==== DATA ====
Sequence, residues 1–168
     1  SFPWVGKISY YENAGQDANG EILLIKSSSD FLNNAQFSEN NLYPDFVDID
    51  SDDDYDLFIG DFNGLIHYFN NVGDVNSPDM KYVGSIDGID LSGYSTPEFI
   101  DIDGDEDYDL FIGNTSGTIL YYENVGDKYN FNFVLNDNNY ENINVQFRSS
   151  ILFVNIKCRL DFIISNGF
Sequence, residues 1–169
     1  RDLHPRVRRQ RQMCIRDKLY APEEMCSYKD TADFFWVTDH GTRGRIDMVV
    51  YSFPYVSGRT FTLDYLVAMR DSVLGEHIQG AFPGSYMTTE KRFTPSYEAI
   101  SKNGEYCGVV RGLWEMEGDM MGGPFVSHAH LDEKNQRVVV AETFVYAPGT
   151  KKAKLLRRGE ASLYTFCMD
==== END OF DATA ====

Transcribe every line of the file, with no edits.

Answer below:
Sequence, residues 1–168
     1  SFPWVGKISY YENAGQDANG EILLIKSSSD FLNNAQFSEN NLYPDFVDID
    51  SDDDYDLFIG DFNGLIHYFN NVGDVNSPDM KYVGSIDGID LSGYSTPEFI
   101  DIDGDEDYDL FIGNTSGTIL YYENVGDKYN FNFVLNDNNY ENINVQFRSS
   151  ILFVNIKCRL DFIISNGF
Sequence, residues 1–169
     1  RDLHPRVRRQ RQMCIRDKLY APEEMCSYKD TADFFWVTDH GTRGRIDMVV
    51  YSFPYVSGRT FTLDYLVAMR DSVLGEHIQG AFPGSYMTTE KRFTPSYEAI
   101  SKNGEYCGVV RGLWEMEGDM MGGPFVSHAH LDEKNQRVVV AETFVYAPGT
   151  KKAKLLRRGE ASLYTFCMD